What You Need To Know About The Women’s March On Washington


Over 1 million women participated in the Women’s March on Washington on Saturday, and it raised the question: What exactly are these women protesting?

A lot of the posters and social media posts that came out of the event painted a picture of a massive presence that was standing up for what they labeled as “women’s rights” that have been put in danger by President Trump.

Many women have voiced the concern that Roe v. Wade will be overturned, and abortion will be made illegal under Trump. However, Trump has never said that he wanted to ban abortion completely. What he has said is that he plans on appointing Supreme Court Justices who are “pro-life,” and if they choose to overturn Roe v. Wade, then abortion laws will be determined by the states.

Women have also criticized the fact that Trump reportedly plans to defund Planned Parenthood, because of the fact that it currently provides a taxpayer-funded abortion service.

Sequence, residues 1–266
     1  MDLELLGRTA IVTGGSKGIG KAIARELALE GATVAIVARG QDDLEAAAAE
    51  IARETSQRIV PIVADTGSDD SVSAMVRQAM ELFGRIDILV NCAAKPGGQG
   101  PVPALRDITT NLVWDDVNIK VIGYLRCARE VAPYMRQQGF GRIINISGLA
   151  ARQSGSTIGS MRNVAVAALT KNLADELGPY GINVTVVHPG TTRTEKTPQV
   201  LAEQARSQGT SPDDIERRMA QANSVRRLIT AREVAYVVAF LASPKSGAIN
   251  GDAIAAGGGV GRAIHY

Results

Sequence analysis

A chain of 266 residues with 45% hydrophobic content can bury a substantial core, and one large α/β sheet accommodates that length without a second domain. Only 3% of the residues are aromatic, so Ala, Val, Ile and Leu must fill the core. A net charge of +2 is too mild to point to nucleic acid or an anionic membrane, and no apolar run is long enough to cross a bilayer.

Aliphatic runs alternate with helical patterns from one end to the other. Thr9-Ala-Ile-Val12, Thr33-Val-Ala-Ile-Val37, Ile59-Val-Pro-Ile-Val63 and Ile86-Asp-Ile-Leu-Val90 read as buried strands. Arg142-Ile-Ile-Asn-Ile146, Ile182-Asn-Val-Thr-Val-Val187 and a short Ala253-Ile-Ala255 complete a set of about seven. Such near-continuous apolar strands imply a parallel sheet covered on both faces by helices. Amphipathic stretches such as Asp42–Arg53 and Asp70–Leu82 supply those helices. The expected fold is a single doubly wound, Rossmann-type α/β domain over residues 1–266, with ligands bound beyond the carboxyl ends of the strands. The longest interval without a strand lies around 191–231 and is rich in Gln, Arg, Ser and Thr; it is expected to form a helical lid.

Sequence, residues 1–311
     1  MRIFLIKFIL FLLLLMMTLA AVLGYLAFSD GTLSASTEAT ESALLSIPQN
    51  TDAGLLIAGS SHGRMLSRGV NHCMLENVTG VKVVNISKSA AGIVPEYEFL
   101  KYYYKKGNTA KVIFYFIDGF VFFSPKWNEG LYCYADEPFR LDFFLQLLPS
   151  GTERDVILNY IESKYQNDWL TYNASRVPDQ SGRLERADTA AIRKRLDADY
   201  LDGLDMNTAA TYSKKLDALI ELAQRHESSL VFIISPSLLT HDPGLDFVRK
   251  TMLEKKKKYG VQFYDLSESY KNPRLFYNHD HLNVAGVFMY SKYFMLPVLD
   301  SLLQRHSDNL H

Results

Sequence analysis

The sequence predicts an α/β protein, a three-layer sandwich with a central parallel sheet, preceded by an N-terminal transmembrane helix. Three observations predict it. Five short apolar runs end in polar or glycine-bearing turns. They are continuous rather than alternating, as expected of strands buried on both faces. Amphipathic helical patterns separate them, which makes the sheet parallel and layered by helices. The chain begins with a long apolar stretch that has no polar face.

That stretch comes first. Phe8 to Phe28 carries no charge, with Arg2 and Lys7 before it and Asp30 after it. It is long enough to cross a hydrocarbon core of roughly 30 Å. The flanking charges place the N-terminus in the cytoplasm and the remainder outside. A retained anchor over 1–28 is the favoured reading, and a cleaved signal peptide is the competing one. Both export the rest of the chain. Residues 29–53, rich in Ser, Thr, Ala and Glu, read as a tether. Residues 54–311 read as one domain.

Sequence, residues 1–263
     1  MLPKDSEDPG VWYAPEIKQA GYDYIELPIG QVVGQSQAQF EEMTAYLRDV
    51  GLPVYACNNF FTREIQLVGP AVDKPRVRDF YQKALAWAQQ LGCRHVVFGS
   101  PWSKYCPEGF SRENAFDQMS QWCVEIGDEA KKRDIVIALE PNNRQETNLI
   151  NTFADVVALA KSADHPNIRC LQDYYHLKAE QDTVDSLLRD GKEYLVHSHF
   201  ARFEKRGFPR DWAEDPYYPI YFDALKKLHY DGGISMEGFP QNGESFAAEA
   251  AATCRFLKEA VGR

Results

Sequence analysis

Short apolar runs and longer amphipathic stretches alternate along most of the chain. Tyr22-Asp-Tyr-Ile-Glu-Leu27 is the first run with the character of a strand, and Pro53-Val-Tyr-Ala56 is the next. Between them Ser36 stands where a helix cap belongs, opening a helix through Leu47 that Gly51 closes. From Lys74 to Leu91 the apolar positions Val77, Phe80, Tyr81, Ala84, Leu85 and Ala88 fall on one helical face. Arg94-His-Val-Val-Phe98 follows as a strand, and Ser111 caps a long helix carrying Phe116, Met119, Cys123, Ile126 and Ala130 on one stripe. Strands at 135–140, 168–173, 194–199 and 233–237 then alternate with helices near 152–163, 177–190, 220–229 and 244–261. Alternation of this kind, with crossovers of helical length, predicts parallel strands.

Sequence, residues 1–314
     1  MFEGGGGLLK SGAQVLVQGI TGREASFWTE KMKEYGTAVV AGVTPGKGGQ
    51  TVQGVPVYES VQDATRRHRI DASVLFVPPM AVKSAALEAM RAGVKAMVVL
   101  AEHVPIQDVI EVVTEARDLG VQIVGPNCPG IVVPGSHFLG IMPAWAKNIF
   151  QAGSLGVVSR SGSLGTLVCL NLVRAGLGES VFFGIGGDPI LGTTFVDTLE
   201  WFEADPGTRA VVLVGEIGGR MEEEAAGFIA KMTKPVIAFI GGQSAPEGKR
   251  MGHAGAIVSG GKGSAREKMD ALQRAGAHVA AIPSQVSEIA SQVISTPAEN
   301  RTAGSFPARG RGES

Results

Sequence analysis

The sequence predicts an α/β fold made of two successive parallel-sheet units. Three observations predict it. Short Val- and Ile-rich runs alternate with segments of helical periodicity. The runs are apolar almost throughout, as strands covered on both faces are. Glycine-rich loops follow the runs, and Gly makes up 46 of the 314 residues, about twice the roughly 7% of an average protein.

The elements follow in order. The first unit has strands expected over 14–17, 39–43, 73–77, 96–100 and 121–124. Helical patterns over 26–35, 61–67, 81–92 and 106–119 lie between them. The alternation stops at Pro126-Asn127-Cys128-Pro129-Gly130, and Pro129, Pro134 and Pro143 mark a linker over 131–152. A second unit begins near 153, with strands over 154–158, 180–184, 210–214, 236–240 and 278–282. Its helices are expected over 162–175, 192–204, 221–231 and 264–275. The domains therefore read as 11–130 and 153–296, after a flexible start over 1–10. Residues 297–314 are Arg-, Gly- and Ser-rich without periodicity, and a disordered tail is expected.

All of this comes back to the same question: Why are 1 million women gathering together to demand that the federal government fund their healthcare and tell them what they can and cannot do? Why aren’t they looking for other alternatives and answers to the current problems?

Is this protest truly about women’s rights, or is it about women hopping on the bandwagon and demanding that the government take care of their needs?

If it was really about women’s rights, then there would be over 1 million women marching in protests against the fact that the U.S. has allies like Saudi Arabia. There would be over 1 million women protesting the fact that the government continues to expand mass surveillance, and to jeopardize our civil liberties. And there would be over 1 million women protesting the fact that our government continues to push for endless war in the Middle East, and hundreds of thousands of innocent women and children have died as a result.

The right to peaceful protest is acknowledged by the First Amendment to the United States Constitution, and while any American can protest whatever he/she feels is necessary, it is always important to take the time to research and to ask questions first.

Follow Rachel Blevins on Facebook and Twitter.

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Rachel Blevins is a journalist who aspires to break the left/right paradigm in media and politics by pursuing truth and questioning existing narratives.

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